Id. at 887. Following the testator's death, devisees, John and Lewis, brought a declaratory action, maintaining that Eugenia had acquired only a life estate in her husband's property. The Court disagreed, finding that Eugenia had acquired the property in fee simple:
In order to determine the intention of the testator, it is necessary to look at the will as a whole.
Item Two describes the estate devised to appellee as a “fee simple absolute.” The appellants would have us find that the other words used in Item Two restrict the estate to a life interest. Among the other words are ones giving the appellee the power to sell the property. This is not consistent with a life estate. Also, there is the statement of the testator's desire that appellee leave the remainder, if any, of his estate at her death to the testator's two sons. The word “desire” is a precatory term. It lacks the force necessary to limit a prior estate. The only words used in Item Two that could be regarded as limiting the fee simple estate are “for and during her natural life.” Those words alone, in view of the other provisions of the will, cannot be taken as establishing an intent that appellee should have only a life estate.
Id. (Citations omitted).
We believe the above-quoted cases provide greater assistance than Hanks in analyzing Condor's will in its totality. Most significant is Condor's express devise of all of his real property to Sadie, “absolutely and in fee simple,” placing no limitations at all on Sadie's power to dispose of the property. Apparently needing the income therefrom, she sold the property to her sons for $35,000.00. Second, under Item II of his will, Condor likewise devised all of his personal property to Sadie, “absolutely,” stating that his children were to receive it only in the event that Sadie predeceased him. Third, by way of quitclaim deeds conveying to Sadie any interest they may have acquired in their father's property under his will, Condor's children evidently believed he intended that Sadie acquire all of his property, in fee simple and for her own use and benefit.
Fourth, pursuant to the analysis in Swango, even if Condor intended that his children receive the “rest and residue” of his real property in the event Sadie did not dispose of it in its entirety, the fact remains that she did dispose of it, and there is simply nothing left for Mary Ruth to take. Finally, we are cognizant of the following law:
A controlling principle is thus stated in Clay v. Chorn's Ex'r, 152 Ky. 271, 153 S.W. 425, 426:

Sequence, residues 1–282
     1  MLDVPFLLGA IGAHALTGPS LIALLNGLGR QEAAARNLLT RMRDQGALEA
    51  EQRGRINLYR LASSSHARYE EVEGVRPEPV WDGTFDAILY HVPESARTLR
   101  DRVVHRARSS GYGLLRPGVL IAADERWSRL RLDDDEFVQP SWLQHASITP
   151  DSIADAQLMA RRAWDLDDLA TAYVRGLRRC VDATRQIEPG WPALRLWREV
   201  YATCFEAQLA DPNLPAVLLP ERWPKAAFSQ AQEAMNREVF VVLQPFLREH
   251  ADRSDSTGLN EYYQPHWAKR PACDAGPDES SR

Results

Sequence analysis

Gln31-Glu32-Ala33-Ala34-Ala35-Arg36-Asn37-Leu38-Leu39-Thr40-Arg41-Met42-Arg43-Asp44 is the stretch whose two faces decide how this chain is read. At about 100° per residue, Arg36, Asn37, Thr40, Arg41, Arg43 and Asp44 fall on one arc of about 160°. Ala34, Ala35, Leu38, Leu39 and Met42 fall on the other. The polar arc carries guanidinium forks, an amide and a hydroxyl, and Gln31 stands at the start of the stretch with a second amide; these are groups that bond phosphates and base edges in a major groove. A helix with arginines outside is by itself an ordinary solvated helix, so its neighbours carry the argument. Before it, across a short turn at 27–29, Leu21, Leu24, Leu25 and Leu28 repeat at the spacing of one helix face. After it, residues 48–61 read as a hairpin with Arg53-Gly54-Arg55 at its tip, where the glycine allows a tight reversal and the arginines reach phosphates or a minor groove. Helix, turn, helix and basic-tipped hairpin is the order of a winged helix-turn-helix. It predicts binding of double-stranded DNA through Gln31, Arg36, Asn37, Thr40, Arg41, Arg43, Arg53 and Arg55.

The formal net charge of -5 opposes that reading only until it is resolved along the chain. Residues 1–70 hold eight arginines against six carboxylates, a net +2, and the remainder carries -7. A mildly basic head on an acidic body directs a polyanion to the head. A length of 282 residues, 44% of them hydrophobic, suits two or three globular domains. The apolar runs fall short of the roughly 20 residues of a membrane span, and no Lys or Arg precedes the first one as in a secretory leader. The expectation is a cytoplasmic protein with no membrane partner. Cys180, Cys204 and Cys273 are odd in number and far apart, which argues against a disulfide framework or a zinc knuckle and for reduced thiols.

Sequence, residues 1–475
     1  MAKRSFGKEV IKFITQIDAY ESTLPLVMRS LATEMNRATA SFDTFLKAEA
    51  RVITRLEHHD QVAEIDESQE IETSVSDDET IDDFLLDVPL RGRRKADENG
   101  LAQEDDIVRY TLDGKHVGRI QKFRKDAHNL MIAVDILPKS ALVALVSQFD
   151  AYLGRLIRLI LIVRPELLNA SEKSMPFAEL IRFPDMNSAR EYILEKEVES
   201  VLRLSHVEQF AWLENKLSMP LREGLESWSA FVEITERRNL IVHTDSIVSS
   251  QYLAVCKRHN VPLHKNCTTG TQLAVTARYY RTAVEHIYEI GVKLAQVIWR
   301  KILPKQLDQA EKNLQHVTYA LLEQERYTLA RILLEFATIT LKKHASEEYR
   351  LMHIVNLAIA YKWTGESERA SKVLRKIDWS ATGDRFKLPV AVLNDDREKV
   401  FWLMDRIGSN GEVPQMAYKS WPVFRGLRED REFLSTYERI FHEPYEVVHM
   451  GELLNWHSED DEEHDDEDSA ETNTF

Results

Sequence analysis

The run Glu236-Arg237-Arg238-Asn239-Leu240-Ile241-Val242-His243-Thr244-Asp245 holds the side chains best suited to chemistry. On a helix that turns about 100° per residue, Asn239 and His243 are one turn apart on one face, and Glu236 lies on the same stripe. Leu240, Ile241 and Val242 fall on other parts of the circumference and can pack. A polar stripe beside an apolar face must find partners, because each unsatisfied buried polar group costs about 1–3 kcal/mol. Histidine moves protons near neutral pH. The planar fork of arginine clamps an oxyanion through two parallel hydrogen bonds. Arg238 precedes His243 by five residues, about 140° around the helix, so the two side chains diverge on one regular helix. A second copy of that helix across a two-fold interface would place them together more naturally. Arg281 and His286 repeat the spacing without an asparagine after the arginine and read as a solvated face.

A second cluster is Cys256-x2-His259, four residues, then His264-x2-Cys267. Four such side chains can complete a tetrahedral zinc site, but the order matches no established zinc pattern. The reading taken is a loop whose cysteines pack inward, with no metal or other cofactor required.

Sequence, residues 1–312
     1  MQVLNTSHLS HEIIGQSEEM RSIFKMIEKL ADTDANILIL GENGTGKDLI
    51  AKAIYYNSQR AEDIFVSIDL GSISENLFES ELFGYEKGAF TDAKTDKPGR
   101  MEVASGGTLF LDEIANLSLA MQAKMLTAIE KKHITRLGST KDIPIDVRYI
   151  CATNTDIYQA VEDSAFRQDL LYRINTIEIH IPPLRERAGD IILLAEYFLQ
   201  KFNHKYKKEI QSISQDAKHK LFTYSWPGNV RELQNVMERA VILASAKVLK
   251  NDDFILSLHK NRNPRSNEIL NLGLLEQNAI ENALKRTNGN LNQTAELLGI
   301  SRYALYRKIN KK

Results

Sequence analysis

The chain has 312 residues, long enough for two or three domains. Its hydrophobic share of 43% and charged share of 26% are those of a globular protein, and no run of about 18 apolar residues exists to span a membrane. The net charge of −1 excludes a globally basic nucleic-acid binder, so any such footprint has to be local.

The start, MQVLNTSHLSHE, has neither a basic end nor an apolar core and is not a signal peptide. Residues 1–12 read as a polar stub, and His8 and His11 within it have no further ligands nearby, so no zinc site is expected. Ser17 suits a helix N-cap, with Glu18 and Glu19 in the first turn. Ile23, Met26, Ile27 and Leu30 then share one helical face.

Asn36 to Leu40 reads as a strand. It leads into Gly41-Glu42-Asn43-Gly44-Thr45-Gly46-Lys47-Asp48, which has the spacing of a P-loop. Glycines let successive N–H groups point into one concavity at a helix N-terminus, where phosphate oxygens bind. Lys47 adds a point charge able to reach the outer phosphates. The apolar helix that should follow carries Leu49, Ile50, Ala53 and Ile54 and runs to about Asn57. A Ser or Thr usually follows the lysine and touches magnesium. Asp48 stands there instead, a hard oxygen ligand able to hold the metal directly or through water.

“An estate once given in fee will not be defeated by a subsequent provision in the same instrument limiting it to a smaller estate, unless the language of the instrument or the intention of the testator requires it, and when, upon the consideration of the whole instrument, the mind is in doubt as to what estate was intended to pass, that construction will be adopted which passes the fee.” [Citations omitted].
Another principle of significance here is that the law favors the vesting of a fee.
Chaffin v. Adams, Ky., 412 S.W.2d 563, 564 (1967) (citation omitted).
We are mindful of the standard by which we may reverse the circuit court:
The standard of review on appeal of a summary judgment is whether the trial court correctly found that there were no genuine issues as to any material fact and that the moving party was entitled to judgment as a matter of law. There is no requirement that the appellate court defer to the trial court since factual findings are not at issue. “The record must be viewed in a light most favorable to the party opposing the motion for summary judgment and all doubts are to be resolved in his favor.” Summary “judgment is only proper where the movant shows that the adverse party could not prevail under any circumstances.”
Scifres v. Kraft, Ky.App., 916 S.W.2d 779, 781 (1996) (citations omitted).
In light of the above-cited case law rendered subsequent to Hanks, we do not believe that Mary Ruth was entitled to judgment as a matter of law. Rather, we believe the case law supports appellants' position, as they argued it in both their motion for summary judgment and in this appeal, that Condor devised his real property to his wife, Sadie, in fee simple absolute. As such, we reverse the judgment of the Pike Circuit Court, and remand with instructions to enter summary judgment in favor of appellants.
1. Interestingly, there appears to have been no question raised regarding Marcella's acquisition of a portion of her father's property although the condition by which she should have taken, Sadie's predeceasing Condor, had not been met.
2. At this point in time, these children had actually acquired no interest in the property, Sadie's not yet having died. Nonetheless, they executed the deeds, excepting from conveyance the property “willed” to daughter Marcella.
3. Although there is reference made to Mary Ruth's having conveyed to her mother any interest Mary Ruth may have acquired in the property, the record does not establish that any such deed was ever executed.
4. KRS 394.240(1):Any person aggrieved by the action of the District Court in admitting a will to record or rejecting it may bring an original action in the Circuit Court of the same county to contest the action of the District Court. Such action shall be brought within two (2) years after the decision of the District Court. The parties may, in the same action, or in a separate action if the validity of the will is not in issue, seek construction, interpretation or reformation of a will.